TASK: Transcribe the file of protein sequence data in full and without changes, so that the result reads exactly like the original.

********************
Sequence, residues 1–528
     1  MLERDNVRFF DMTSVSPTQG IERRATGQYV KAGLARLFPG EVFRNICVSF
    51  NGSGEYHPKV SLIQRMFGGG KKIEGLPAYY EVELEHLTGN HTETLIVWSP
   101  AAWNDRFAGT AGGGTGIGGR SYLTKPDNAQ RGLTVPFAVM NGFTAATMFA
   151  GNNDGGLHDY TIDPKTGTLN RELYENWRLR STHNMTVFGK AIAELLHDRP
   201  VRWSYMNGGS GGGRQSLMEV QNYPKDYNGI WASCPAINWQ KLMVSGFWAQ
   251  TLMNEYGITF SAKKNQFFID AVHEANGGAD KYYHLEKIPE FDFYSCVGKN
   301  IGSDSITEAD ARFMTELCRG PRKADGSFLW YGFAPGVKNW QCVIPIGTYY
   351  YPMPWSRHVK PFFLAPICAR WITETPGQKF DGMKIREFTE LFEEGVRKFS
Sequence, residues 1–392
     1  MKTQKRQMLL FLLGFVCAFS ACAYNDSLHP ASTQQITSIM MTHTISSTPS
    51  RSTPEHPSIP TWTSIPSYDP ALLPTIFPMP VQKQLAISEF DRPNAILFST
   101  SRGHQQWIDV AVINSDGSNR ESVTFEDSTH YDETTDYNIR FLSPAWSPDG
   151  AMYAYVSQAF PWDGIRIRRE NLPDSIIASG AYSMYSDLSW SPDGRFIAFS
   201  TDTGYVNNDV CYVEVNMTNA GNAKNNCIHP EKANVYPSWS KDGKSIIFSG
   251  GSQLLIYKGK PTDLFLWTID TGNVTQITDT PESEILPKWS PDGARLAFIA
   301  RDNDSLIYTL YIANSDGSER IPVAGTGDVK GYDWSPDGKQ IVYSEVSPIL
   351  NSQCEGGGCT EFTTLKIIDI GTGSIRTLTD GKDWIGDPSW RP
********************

Sequence, residues 1–528
     1  MLERDNVRFF DMTSVSPTQG IERRATGQYV KAGLARLFPG EVFRNICVSF
    51  NGSGEYHPKV SLIQRMFGGG KKIEGLPAYY EVELEHLTGN HTETLIVWSP
   101  AAWNDRFAGT AGGGTGIGGR SYLTKPDNAQ RGLTVPFAVM NGFTAATMFA
   151  GNNDGGLHDY TIDPKTGTLN RELYENWRLR STHNMTVFGK AIAELLHDRP
   201  VRWSYMNGGS GGGRQSLMEV QNYPKDYNGI WASCPAINWQ KLMVSGFWAQ
   251  TLMNEYGITF SAKKNQFFID AVHEANGGAD KYYHLEKIPE FDFYSCVGKN
   301  IGSDSITEAD ARFMTELCRG PRKADGSFLW YGFAPGVKNW QCVIPIGTYY
   351  YPMPWSRHVK PFFLAPICAR WITETPGQKF DGMKIREFTE LFEEGVRKFS
Sequence, residues 1–392
     1  MKTQKRQMLL FLLGFVCAFS ACAYNDSLHP ASTQQITSIM MTHTISSTPS
    51  RSTPEHPSIP TWTSIPSYDP ALLPTIFPMP VQKQLAISEF DRPNAILFST
   101  SRGHQQWIDV AVINSDGSNR ESVTFEDSTH YDETTDYNIR FLSPAWSPDG
   151  AMYAYVSQAF PWDGIRIRRE NLPDSIIASG AYSMYSDLSW SPDGRFIAFS
   201  TDTGYVNNDV CYVEVNMTNA GNAKNNCIHP EKANVYPSWS KDGKSIIFSG
   251  GSQLLIYKGK PTDLFLWTID TGNVTQITDT PESEILPKWS PDGARLAFIA
   301  RDNDSLIYTL YIANSDGSER IPVAGTGDVK GYDWSPDGKQ IVYSEVSPIL
   351  NSQCEGGGCT EFTTLKIIDI GTGSIRTLTD GKDWIGDPSW RP